Light shivered in the air above the carved gold rat. Slowly, a large claw slid into the reflection, pale blue scales glowing above five opal talons. The Rat Dragon was descending from his perch, his translucent body only solid and visible in the mirror as he passed by it. A reflection without an original. It was the first time I’d ever seen one of the spirit beasts in full physical form. My own gasp was echoed around the arena. A powerfully muscled foreleg came into view, the scales darkening into ocean blue as the underside of a broad chest and shoulder followed in the glass. Next, a beard, the white hair thick and tapered like a horse’s tail. And for a fleeting moment, beneath the coarse strands, I saw the dragon’s pearl–his source of wisdom and power–tucked under his chin and shining with blue iridescence. Then it was hidden by his flared muzzle, the delicate scales and fine horse nostrils accentuating the size of the fang that curved from his upper lip.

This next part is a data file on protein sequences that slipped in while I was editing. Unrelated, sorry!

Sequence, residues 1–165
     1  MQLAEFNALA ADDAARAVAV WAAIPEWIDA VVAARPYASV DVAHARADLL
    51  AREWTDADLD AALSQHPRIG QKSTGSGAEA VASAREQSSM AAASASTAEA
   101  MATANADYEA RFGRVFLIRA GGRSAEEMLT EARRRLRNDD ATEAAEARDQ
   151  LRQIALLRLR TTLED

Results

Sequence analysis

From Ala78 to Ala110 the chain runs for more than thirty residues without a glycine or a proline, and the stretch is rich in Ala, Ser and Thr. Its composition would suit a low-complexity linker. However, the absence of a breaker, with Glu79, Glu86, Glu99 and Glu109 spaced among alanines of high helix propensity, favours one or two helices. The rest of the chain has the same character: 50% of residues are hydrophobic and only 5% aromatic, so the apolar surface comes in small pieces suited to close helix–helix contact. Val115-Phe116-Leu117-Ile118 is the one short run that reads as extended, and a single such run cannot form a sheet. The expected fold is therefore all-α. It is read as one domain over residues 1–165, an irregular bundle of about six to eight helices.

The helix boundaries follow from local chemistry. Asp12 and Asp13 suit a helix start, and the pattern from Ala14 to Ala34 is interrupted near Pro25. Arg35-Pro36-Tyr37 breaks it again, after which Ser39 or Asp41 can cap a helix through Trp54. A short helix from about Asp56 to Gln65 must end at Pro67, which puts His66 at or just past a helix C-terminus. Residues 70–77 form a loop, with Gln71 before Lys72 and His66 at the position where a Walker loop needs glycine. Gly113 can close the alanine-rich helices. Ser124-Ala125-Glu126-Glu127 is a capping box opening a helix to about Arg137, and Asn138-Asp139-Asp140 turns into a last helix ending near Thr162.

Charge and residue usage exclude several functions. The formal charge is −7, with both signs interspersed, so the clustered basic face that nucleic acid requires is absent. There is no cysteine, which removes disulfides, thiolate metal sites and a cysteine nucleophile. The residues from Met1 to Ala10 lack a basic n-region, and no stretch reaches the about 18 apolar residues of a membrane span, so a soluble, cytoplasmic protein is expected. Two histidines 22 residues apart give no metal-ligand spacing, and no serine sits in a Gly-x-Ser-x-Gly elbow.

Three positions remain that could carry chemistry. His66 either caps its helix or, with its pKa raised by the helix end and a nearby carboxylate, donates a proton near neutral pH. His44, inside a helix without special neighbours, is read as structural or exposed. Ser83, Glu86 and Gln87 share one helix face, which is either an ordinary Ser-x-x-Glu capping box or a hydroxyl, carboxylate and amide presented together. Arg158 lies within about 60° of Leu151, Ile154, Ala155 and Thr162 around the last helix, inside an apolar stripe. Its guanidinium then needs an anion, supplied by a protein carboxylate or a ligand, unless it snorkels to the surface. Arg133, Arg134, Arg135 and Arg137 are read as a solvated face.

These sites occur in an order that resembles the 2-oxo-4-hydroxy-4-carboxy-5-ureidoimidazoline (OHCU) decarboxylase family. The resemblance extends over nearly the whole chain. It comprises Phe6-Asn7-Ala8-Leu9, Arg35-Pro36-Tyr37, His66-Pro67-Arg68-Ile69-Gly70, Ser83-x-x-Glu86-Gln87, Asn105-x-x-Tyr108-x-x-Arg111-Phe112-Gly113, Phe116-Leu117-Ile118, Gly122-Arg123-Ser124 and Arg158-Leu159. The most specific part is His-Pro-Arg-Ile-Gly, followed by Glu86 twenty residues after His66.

THe dragon turned to stare across the sand at the emperor, one large dark eye visible in the mirror, his broad bow crowned by two curled horns. I heard nervous murmuring from the crowd as both of his forelegs reached the sand, his sinuous body stretched full length in the reflection. Then it coiled like a snake and dropped behind him, the invisible weight sending up a cloud of sand and dust that fell back over his body, giving us a shimmering outline of him. He shook his head, dislodging more sand, then turned and looked at himself in the glass, the endless depth of his eyes giving him an expression of sadness. Two pale blue membranes extended out from each shoulder and rippled in the sunlight like watered silk, then folded back against his body. The heavy head swung around to face us again, the mirror showing the solid line of his spine and the thick fall of his white mane. Although his eyes were no longer reflected, I knew he was studying us, choosing his apprentice.